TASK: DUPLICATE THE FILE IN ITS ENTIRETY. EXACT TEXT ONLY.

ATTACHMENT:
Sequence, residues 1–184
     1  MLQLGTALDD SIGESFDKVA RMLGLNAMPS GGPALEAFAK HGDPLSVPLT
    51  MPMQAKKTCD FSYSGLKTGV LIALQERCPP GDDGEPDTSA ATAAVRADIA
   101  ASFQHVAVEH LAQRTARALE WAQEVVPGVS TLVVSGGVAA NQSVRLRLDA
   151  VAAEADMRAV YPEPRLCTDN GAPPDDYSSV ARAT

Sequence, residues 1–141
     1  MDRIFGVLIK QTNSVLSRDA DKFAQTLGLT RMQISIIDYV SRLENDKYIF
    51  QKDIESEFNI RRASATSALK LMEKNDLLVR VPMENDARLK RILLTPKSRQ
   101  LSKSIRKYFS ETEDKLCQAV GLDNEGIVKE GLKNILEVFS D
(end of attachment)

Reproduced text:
Sequence, residues 1–184
     1  MLQLGTALDD SIGESFDKVA RMLGLNAMPS GGPALEAFAK HGDPLSVPLT
    51  MPMQAKKTCD FSYSGLKTGV LIALQERCPP GDDGEPDTSA ATAAVRADIA
   101  ASFQHVAVEH LAQRTARALE WAQEVVPGVS TLVVSGGVAA NQSVRLRLDA
   151  VAAEADMRAV YPEPRLCTDN GAPPDDYSSV ARAT

Sequence, residues 1–141
     1  MDRIFGVLIK QTNSVLSRDA DKFAQTLGLT RMQISIIDYV SRLENDKYIF
    51  QKDIESEFNI RRASATSALK LMEKNDLLVR VPMENDARLK RILLTPKSRQ
   101  LSKSIRKYFS ETEDKLCQAV GLDNEGIVKE GLKNILEVFS D